Hyundai i30 2017 review | first drive video

Tim Robson road tests and reviews the Hyundai i30 with specs, fuel consumption and verdict at its launch in South Korea.

See more at the CarsGuide i30 hub:

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We all want more for less these days. More internet data for less per month, for example, or a holiday with extra nights thrown in for free.

Hyundai has big plans to become the world's number one car maker, and its brand new i30 is designed to give its owners - you guessed it - more.

This is the third generation of Hyundai's popular i30, and it's been redone from the ground up, with a new chassis, new engines and an entirely new interior.

It's now longer and wider than cars like the Volkswagen Golf, and offers more head and shoulder room inside too.

The body redesign is meant to give the i30 a bit more of a premium car feel, and up close it does just that – it really looks refined and confident up close. Not sure about those reflectors on the rear bumper, though.

New safety equipment like auto emergency braking, advanced radar cruise control and lane keep assist will be offered for the first time, too.

You'll be able to tell the i30 SR apart pretty easily, too, with its distinctive dual tail pipes.

Hyundai engineers told us that their key focus with the i30 was making sure that its driving performance was up to par – and that's not something you hear very often from engineers who work on small hatchbacks.

And they're not talking about turning it into a mini race car, either. Driving performance also means that a car feels good when you drive it down the street, and you can't really explain why.

Built on top of a stiffer chassis, the i30's suspension set up is a big leap forward for Hyundai – and an even bigger leap for a car that will cost well less than $25,000 on average.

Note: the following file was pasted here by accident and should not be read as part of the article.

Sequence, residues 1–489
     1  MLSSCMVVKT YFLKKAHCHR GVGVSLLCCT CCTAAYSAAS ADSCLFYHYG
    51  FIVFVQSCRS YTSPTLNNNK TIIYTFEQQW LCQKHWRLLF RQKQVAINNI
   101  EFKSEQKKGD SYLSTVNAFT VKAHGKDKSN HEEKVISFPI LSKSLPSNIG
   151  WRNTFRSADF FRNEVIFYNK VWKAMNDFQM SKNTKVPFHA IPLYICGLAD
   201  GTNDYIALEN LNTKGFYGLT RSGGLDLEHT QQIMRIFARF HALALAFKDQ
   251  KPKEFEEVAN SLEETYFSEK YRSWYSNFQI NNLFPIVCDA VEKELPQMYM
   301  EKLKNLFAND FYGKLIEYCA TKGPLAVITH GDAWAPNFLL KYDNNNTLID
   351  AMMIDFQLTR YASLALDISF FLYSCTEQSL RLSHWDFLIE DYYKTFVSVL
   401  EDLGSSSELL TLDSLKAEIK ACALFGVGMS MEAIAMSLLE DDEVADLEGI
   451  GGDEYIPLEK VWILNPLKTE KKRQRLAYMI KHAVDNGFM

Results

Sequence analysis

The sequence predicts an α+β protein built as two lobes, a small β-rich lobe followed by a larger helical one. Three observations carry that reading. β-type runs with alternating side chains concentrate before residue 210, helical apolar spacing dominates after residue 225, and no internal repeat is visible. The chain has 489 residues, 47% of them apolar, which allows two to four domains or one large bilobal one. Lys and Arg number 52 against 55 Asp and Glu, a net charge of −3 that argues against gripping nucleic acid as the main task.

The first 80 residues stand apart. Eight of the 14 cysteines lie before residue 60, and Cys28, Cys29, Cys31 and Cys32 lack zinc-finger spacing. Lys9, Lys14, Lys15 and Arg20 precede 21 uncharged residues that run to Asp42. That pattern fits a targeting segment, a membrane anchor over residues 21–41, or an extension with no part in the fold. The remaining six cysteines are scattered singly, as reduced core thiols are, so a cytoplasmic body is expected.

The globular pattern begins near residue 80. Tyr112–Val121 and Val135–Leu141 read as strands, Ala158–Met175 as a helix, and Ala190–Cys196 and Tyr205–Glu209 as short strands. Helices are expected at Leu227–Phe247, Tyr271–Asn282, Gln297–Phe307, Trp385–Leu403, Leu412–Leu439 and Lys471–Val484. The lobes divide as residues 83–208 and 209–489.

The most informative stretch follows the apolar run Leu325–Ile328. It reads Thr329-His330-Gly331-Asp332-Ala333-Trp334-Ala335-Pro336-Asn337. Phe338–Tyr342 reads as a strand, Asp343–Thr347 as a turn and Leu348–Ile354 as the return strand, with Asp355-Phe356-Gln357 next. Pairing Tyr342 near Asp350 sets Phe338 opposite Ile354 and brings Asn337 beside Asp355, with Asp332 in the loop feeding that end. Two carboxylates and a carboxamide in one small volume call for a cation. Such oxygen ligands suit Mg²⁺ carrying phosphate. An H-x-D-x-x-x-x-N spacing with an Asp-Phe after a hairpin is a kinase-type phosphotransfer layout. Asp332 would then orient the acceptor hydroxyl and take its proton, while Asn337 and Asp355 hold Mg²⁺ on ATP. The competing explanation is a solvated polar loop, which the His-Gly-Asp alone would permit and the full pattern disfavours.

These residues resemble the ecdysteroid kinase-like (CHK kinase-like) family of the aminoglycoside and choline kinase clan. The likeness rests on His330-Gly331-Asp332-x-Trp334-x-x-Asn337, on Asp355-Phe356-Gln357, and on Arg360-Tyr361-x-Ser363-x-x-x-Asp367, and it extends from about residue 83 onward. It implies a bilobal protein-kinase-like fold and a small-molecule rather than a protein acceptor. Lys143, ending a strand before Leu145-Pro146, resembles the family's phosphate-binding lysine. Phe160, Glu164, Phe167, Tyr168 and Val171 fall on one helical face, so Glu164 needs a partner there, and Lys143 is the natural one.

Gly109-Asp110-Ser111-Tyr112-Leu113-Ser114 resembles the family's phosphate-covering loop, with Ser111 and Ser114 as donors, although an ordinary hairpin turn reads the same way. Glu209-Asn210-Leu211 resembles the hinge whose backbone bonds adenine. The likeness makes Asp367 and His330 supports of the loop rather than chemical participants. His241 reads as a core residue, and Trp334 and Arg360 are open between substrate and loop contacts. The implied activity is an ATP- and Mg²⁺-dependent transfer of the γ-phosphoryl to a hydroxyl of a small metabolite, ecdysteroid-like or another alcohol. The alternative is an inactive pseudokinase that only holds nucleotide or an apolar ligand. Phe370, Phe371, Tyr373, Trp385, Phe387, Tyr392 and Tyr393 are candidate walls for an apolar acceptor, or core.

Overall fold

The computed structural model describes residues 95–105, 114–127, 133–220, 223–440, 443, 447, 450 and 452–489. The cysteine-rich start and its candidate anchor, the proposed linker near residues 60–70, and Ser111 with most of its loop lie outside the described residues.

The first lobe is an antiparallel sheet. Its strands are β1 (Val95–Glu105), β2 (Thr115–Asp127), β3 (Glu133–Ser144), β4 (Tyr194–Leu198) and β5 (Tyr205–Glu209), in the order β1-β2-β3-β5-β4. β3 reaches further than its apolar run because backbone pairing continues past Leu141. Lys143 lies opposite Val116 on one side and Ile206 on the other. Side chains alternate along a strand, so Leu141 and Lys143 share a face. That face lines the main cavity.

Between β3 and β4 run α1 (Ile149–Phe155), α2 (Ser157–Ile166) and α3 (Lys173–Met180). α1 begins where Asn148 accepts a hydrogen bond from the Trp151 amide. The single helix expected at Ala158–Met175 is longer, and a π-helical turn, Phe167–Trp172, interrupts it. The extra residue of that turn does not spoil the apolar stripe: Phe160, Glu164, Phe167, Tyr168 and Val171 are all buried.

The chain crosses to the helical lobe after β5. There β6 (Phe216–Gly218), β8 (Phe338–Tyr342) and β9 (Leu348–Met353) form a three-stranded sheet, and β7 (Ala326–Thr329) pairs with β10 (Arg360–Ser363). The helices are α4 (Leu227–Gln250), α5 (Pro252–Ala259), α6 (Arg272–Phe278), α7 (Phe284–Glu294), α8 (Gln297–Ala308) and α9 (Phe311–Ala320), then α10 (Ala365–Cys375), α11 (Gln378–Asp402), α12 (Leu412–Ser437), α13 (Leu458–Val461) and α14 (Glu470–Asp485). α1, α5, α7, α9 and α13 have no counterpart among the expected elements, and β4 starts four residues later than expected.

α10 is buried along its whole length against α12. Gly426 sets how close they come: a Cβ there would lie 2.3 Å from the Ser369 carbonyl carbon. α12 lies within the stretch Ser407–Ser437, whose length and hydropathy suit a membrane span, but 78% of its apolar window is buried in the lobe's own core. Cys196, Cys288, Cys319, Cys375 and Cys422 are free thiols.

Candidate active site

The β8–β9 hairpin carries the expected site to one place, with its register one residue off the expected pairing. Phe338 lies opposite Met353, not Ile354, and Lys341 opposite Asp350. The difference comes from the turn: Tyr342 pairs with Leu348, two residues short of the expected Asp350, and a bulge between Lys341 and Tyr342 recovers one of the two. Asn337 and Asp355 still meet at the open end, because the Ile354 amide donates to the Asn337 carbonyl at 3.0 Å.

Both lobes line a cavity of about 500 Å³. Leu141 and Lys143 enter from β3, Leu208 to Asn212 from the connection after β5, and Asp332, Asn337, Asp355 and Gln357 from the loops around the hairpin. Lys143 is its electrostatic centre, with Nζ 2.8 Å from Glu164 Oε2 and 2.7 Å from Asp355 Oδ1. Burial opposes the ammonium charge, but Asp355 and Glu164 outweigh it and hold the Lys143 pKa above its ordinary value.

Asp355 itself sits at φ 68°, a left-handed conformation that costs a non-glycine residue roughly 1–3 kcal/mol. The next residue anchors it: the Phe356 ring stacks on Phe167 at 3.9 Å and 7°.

There's a real quality and maturity to the i30's ride and steering that simply hasn't been there before. This is a Korean spec car, and Australian cars will get their own suspension tweaks to suit our roads, but the basic ingredients are already here.

The steering is measured and accurate, and the way the i30 soaks up bumps is really impressive. It's also exceptionally quiet inside, whether you're driving the petrol or the diesel.

In fact, the i30 could now be easily compared with the best cars in the category, including the Volkswagen Golf.

Inside, it's a similar story. There's a lot of detail work in the new car, and a lot of buttons have been moved or deleted to give the dash a cleaner, more classy feel.

There are plenty of practical touches, too, like extra bottle holders and options like wireless charging for mobiles

Any bad news? Well, it looks like the price of the i30 may have to go up a bit, and that may stop a few people from adding to their shopping lists. Headroom in the rear seat, too can be affected if a sunroof is installed.

We've only sampled left-hand-drive versions that aren't quite the same as the cars we'll get in Australia, but right away, it's easy to tell that the new i30 really is something that's a genuine step above the current car. And if Hyundai Australia prices it right, it's going to be a monster hit.

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